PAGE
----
Minute-by-minute: Day 9 of the Ross Harris hot car death trial

GLYNN COUNTY, Ga. — It’s been more than two years since 22-month-old Cooper Harris died in the back seat of a hot SUV outside a Cobb County office building.

His father, Ross Harris, is now on trial for his death.

[READ: Ross Harris breaks down during medical examiner's testimony]

Follow minute-by-minute coverage of the case below:

4:35 p.m. Court adjourns for the day. Will resume at 8:30 a.m. Thursday morning.

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4:22 p.m. Defense says at 12:48 a.m. on June 18, 2014, Harris researched child passport costs on his phone because he was planning a cruise for his family.

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4:16 p.m. Smith says detectives found the red image, reading, "I hate being married with kids. The novelty has warn off and I have nothing to show for it," on Harris' phone. He says the detective brought it to him and said he wanted to know more about it.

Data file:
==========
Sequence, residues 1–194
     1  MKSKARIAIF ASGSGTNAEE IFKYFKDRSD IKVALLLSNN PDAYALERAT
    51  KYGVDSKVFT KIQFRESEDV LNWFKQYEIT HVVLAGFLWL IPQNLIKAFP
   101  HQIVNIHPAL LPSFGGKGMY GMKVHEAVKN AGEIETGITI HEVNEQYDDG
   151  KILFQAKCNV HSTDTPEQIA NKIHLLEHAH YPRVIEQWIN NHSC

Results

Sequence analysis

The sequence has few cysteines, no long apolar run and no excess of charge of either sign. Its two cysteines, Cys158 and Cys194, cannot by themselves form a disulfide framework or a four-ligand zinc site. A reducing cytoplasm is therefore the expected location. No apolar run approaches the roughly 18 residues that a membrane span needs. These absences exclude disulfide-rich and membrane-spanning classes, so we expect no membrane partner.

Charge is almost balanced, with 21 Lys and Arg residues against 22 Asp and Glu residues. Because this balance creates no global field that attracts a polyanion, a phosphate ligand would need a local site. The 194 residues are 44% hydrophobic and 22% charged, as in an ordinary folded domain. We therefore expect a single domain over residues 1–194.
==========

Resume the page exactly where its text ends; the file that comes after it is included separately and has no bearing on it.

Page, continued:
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3:55 p.m. Phone records show Harris messaged the woman, "I miss having time to myself and going out with my friends." He then said "My wife gets upset when I want to go out with friends." Around 9:15 a.m., Harris said "I love my son and all but we both need escapes." Prosecution says Harris sent that message just minutes after he's seen buying breakfast with Cooper at Chick-fil-A.

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3:54 p.m. Prosecution shows jurors a post pulled from Harris' phone on June 18, 2014 that said, "I hate being married with kids. The novelty has warn off and I have nothing to show for it." Prosecution says the image was not uploaded or posted by Harris but Harris did comment on it and then begin a chat with the woman who posted it.

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3:46 p.m. Court resumes from break. Smith's testimony continues.

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3:21 p.m. Court recesses for break while prosecution works out technical issues.

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3:06 p.m. Smith says he performed a data extraction on an Apple iPad and two phones.